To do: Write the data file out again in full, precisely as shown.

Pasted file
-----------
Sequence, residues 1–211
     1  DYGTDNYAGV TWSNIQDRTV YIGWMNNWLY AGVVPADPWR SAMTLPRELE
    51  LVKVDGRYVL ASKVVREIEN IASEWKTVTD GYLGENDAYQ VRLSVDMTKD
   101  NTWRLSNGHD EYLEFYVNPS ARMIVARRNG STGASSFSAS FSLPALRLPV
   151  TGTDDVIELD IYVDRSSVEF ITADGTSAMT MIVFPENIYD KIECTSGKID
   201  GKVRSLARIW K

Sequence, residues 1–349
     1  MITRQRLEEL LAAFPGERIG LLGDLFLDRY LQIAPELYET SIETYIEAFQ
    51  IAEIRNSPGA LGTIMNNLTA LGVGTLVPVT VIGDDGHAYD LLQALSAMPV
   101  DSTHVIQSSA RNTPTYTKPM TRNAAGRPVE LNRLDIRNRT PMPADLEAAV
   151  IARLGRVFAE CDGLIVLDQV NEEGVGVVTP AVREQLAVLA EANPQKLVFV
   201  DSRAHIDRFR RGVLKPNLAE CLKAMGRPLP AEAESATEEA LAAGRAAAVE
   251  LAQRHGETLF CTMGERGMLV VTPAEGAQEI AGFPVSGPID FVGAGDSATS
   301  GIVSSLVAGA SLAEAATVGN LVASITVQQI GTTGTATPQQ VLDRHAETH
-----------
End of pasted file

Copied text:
Sequence, residues 1–211
     1  DYGTDNYAGV TWSNIQDRTV YIGWMNNWLY AGVVPADPWR SAMTLPRELE
    51  LVKVDGRYVL ASKVVREIEN IASEWKTVTD GYLGENDAYQ VRLSVDMTKD
   101  NTWRLSNGHD EYLEFYVNPS ARMIVARRNG STGASSFSAS FSLPALRLPV
   151  TGTDDVIELD IYVDRSSVEF ITADGTSAMT MIVFPENIYD KIECTSGKID
   201  GKVRSLARIW K

Sequence, residues 1–349
     1  MITRQRLEEL LAAFPGERIG LLGDLFLDRY LQIAPELYET SIETYIEAFQ
    51  IAEIRNSPGA LGTIMNNLTA LGVGTLVPVT VIGDDGHAYD LLQALSAMPV
   101  DSTHVIQSSA RNTPTYTKPM TRNAAGRPVE LNRLDIRNRT PMPADLEAAV
   151  IARLGRVFAE CDGLIVLDQV NEEGVGVVTP AVREQLAVLA EANPQKLVFV
   201  DSRAHIDRFR RGVLKPNLAE CLKAMGRPLP AEAESATEEA LAAGRAAAVE
   251  LAQRHGETLF CTMGERGMLV VTPAEGAQEI AGFPVSGPID FVGAGDSATS
   301  GIVSSLVAGA SLAEAATVGN LVASITVQQI GTTGTATPQQ VLDRHAETH